I backed everything off and rejigged the tools with the hope that what was done could be undone. The undamaged ear supported the press and the bent-side slowly levered until it reached its original angle. When I tried it on the frame the first time, it was miraculously a perfect fit. I hadn't quite snatched victory from the jaws of defeat, but the bike would be usable in the short term.
I had to take a long hot shower after the yoke mess and I returned chastened but hopeful I could turn things around. I realized later that this strategy would have worked if I'd used the frame as a support for the yoke so there would have been no gap between . As it was I rejigged the tools and pressed each individually and without drama. I pressed the new bearings smoothly into their seats on the upper link using the Santa Cruz tools and then replaced the upper link, careful to grease the shoulders and the wedge, but not the collet which requires friction to remain in position. Some blue loctite was applied to the threads, but I was just guessing at torque values. The most recent Santa Cruz guide for this operation quotes 13.6-15.8 N.m (120-140 in-lb) for the upper link bolts and 6.8 N.m (60 in-lb) for the collet axle. The wedge and bolt lock the collet in place, without further tightening the axle onto the bearings. These should be torqued to 9.0 N.m (80 in-lb).
Seb Kemp recommends unfastening the rear shock mount first, and my recommendation is removing the front mount second. After that, removing the lower link requires first removing the expanding wedges on the two mounts, each held in place by a 5mm hex bolt. The wedges should come out easily, but just in case they are keyed to a 6mm hex to give you some purchase. After that use an 8mm hex wrench to remove the collet axles. These also came out easily for me.
After pulling out the fun knuckle, remove the dust covers on the four bearings and do a little inspection. Do the bearings look fulfilled? Well nourished? Do they yield willingly to your twisting touch? The bearings on 'our' Tallboy presented clean and fresh looking lube under the dust covers, despite never having had a tender service caress before this, and they turned enthusiastically and without resistance. This bike has spent time in Scotland, and all over southern B.C., but mostly on the North Shore over a nasty, snotty winter. It was also often subject to rough play, but the bearings and grease looked brand new.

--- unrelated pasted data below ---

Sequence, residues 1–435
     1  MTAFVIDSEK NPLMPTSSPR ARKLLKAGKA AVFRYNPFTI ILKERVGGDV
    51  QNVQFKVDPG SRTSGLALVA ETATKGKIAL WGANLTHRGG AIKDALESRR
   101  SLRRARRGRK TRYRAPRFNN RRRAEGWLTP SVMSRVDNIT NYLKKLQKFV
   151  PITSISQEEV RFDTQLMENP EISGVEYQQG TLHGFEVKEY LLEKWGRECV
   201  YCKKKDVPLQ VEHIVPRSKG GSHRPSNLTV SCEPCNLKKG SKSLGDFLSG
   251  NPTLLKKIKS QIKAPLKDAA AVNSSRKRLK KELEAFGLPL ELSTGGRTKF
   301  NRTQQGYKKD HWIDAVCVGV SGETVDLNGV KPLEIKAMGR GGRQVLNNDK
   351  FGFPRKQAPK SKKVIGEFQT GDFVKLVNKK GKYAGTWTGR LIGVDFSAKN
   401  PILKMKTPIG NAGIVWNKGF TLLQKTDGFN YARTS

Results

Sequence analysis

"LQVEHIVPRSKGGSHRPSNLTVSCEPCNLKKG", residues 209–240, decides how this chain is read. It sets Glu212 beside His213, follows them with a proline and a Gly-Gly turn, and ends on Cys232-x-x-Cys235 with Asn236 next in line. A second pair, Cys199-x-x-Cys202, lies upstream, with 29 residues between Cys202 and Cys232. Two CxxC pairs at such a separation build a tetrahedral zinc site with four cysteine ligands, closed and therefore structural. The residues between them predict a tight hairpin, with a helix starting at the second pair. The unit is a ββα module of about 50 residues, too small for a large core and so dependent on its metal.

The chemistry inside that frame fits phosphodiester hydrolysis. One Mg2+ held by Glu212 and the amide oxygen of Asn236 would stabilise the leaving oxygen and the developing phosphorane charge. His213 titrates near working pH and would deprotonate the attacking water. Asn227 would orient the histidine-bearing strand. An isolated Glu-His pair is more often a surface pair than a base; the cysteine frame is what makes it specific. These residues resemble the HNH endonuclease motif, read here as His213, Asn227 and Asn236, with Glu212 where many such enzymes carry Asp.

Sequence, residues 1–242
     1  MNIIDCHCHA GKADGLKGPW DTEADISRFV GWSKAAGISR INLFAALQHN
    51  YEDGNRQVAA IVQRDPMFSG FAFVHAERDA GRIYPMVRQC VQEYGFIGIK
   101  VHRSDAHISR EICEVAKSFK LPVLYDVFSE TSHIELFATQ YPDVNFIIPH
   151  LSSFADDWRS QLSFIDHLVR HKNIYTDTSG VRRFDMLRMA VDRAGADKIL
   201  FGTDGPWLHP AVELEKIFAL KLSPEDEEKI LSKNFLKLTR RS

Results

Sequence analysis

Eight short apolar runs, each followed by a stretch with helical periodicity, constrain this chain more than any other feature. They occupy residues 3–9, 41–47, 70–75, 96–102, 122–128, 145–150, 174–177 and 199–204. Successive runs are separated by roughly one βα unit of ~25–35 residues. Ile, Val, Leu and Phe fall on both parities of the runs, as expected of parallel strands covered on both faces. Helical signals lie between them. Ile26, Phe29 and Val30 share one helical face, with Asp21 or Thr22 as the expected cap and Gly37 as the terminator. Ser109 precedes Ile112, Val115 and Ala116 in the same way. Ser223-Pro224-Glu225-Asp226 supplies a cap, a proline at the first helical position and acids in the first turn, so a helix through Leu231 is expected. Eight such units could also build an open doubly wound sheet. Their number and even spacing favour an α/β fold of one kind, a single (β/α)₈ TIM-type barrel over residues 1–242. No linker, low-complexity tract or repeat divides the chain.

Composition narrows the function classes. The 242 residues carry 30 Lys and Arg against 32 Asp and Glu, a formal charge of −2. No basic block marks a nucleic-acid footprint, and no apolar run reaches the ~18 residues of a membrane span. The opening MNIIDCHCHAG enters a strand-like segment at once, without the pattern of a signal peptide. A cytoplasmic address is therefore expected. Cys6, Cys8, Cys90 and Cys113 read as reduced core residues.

When it came time to push the bearings out of the lower link, I wasn't pleased with any of the tools in front of me. I wanted to avoid the vise and punch, but none of the other tools would capture the narrow exposed edge between the inner bearing race and the inner sleeve. Luckily the expanding collet press* from the Specialized FSR kit fit perfectly, and the bearings popped like pits from a cherry.
There was more grease behind the bearings, from the grease port that distributes lube to the open back side of each bearing. It was pristine. Pressing the bearings in, without unsupported yokes to worry about, was a piece of piss. Getting the lower link back in place took some futzing around. A little grease under the dust covers helps them stay in position as the mechanism is inserted into the frame. After that, it's time to replace the collet axles, re-install the rear shock, rear mount first, and admire your work with smug satisfaction.
Santa Cruz will send you replacement bearings for the lifetime of your frame - for free. Install is either up to your or your local bike shop. All the info for US or Canadian riders is here. Otherwise, contact your Santa Cruz distributor through your dealer. You'll have to wait until the dust settles on COVID-19 and people go back to work, but Santa Cruz promises to get your bearings in the mail in under 48 hours under normal circumstances. If your bike is from 2017 or earlier, you may need to adjust your angular contact bearings. More recent frames have radial bearings that do not require adjustment.
Note; your local dealer will be more than willing to do your bearing swap,* assuming a swap is actually necessary. It may be that, like mine, your bearings are perfect or they may simply need some more lube. You can get some idea of bearing condition by removing the shock and rear wheel and cycling the suspension through its travel. If it is silent and without friction of vibration, you are likely in good shape, although a closer look never hurts. Lubing the lower link with a grease gun will keep those vulnerable cartridges rotating smoothly.
*labour charges will apply unless your shop has a different policy
Santa Cruz doesn't have instructions for any bikes beyond 2018, but the info for the Nomad transfers well to the newer models. Hopefully there will be a video available to take you step by step through the Hightower, Tallboy and Megatower soon, but if your bike is that new you probably don't need much more than an inspection or, at worst, a shot of grease. You can also get all the replacement hardware for your bike and Santa Cruz promises to keep stocking those parts for at least ten years.
I may have made this look difficult, but that just means I've vetted the mistakes for you. Really this isn't a tough job at all with the right tools, which Santa Cruz will be happy to sell you once staff returns to the office in Santa Cruz.